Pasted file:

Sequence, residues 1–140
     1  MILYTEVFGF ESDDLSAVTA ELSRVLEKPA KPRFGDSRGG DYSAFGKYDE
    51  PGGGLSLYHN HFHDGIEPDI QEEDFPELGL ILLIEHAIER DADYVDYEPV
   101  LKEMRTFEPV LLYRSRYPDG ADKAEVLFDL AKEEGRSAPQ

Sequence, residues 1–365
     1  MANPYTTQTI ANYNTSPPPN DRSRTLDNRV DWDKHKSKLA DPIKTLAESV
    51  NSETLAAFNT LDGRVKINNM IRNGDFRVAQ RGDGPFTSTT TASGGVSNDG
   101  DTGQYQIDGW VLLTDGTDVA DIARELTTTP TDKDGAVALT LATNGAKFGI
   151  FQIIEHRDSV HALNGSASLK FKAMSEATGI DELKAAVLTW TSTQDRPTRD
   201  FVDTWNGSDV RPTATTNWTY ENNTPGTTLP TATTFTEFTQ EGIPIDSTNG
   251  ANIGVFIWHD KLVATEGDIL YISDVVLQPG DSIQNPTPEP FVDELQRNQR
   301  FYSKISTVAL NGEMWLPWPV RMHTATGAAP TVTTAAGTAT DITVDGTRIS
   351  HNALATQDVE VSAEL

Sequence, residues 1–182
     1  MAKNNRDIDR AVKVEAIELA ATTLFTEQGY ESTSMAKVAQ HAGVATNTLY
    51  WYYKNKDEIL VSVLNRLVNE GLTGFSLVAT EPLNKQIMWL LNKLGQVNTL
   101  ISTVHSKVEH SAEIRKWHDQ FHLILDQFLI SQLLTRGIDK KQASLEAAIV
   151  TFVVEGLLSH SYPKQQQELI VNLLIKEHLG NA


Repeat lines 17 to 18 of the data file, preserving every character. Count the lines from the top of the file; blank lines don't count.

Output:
   101  ISTVHSKVEH SAEIRKWHDQ FHLILDQFLI SQLLTRGIDK KQASLEAAIV
   151  TFVVEGLLSH SYPKQQQELI VNLLIKEHLG NA